God was talking to us… I believe He was hinting to us to consider re-visiting the dark and foggy places of our lives. The places we have been before, but eventually had to leave disappointed, discouraged and downtrodden from the experience.

I believe God was hinting to us of the promise just ahead and for us to trust Him one more time and try again. To give 2013 a chance, to trust Him to exceed our expectations and to enjoy the amazing difference that light can make on the darkest and saddest of places in our hearts. To get back up and risk the possibility of disappointment one more time. Except this time… it may well hold the key to an amazing encounter with something beautiful beyond description. Like Canada in the wintertime of 2013 was for us or throwing the net one more time was for Peter and the risen Christ Jesus at the sea of Galilee…

The drive out of Canada was hauntingly beautiful as we watched the skies darken and the glow of gold and orange and purple fading to black as we moved steadily south… it seemed to take extra time tonight as if Canada was delaying her goodbye and dragging out her gift of golden beauty for just a few more moments. It was fitting and kind of her to do so.

Goodbye Canada!

Goodbye Canada!

We crashed at quaint mountainside town we knew well from last year… Sandpoint ID. Beautiful, hip and serene on the edge of one of the great northwestern fresh lakes in America. (Lake Pend Oreille) Sandpoint is a great base for families to stay at and offers four seasons of great outdoor adventure and lots of dining/shopping options for the ladies and kids.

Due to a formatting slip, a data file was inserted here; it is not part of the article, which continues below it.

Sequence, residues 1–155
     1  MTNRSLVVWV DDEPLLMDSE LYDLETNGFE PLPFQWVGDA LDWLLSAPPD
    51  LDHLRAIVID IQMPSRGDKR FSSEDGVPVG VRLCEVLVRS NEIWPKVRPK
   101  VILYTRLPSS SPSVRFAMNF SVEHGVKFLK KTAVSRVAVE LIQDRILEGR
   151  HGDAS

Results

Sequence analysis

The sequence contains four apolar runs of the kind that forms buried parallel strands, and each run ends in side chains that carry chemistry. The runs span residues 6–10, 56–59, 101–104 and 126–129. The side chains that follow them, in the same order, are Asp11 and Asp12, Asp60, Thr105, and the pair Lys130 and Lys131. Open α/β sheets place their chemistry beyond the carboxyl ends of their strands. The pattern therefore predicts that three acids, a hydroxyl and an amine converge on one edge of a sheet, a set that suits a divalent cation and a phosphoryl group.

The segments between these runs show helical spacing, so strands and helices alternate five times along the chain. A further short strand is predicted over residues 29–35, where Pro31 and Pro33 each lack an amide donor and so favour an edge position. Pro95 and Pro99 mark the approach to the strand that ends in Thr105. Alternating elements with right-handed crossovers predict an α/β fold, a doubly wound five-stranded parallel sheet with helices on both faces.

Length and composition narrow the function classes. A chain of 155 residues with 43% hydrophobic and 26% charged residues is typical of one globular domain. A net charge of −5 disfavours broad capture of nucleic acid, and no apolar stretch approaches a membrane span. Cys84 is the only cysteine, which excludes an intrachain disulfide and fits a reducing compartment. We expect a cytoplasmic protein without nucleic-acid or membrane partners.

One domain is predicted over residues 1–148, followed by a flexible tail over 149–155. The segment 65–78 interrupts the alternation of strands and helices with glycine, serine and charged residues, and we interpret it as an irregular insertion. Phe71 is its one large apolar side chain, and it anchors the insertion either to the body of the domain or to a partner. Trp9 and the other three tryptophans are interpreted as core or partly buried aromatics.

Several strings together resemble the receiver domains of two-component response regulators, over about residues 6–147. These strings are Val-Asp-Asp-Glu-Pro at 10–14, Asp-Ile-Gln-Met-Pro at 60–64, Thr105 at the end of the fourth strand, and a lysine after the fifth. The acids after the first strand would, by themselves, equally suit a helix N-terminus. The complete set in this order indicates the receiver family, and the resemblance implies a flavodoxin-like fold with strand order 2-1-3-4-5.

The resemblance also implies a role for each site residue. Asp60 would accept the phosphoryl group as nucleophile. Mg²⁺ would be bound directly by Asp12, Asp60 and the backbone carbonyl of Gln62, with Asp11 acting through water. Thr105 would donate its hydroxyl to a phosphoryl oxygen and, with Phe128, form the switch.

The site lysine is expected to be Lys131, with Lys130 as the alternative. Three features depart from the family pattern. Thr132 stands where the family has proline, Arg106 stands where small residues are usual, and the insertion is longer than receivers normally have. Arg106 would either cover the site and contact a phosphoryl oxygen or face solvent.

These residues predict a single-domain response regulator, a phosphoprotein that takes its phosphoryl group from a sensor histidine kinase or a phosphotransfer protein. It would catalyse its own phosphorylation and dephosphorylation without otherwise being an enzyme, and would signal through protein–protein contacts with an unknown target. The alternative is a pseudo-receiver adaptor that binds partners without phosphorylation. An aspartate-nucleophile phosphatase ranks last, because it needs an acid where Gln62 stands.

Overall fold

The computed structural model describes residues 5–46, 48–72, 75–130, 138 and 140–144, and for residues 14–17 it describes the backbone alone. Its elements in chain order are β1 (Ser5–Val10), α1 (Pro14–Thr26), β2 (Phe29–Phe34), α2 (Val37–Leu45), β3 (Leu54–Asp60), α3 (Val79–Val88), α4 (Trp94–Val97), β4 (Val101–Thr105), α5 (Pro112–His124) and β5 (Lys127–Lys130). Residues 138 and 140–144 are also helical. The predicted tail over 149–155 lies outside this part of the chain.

Sunrise from the Edgewater Hotel

Sunrise from the Edgewater Hotel

Beaches and clear water, skiing and hunting, hiking and horseback riding…this town really does have it all. I recommend the Best Western Edgewater, nestled downtown & directly on the shore. In the winter they have great rates, spacious rooms and an amazing view overlooking the mountains and lake.

Rising early and braving some lingering morning mountain fog, we headed south through the heart of Idaho on our way back to Salt Lake City. The terrain changed as often as the hours on our digital clock and we enjoyed the smooth transitions of high mountain lakes to rolling hills and farms to high desert valleys and winding rivers. We chugged down Hwy 95 and took the eastern spur of Hwy 55 into the rugged interior of Idaho and enjoyed the alpine lakeside views of the city of McCall, ID. A beautiful and family friendly resort town on the edge of paradise. ( I hope to re-visit there soon)

Out of time, we pushed on south via Hwy 55 via the back roads and were treated to an amazing sunset display of the old west… gorgeous golden shades of sunlight filtered in from the silhouettes of the hills and mountains as we slowly descended into the familiar sights of Boise. We pushed on with a five-hour night run to Salt Lake City and our ride back to Nashville the next day.

Southern Utah - Jan 13'

Southern Utah Road

We awoke to find ourselves in the middle of the Mormon homeland and a hazy smog like atmosphere that resembled LA. Weird ? We puttered around the southern hills of Provo and the outer bands of the ski-resort traffic as we processed all that we had seen on this trip. Words fail me… but thankfully we have pictures.